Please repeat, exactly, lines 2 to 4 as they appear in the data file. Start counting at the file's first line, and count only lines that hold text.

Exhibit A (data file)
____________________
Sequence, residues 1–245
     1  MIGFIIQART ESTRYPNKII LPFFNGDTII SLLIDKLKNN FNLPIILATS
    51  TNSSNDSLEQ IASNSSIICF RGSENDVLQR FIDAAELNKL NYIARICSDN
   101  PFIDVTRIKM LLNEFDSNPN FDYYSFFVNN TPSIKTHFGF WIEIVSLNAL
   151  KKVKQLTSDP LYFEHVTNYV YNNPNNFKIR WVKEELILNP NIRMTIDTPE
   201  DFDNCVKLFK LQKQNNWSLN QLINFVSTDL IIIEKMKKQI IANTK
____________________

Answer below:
     1  MIGFIIQART ESTRYPNKII LPFFNGDTII SLLIDKLKNN FNLPIILATS
    51  TNSSNDSLEQ IASNSSIICF RGSENDVLQR FIDAAELNKL NYIARICSDN
   101  PFIDVTRIKM LLNEFDSNPN FDYYSFFVNN TPSIKTHFGF WIEIVSLNAL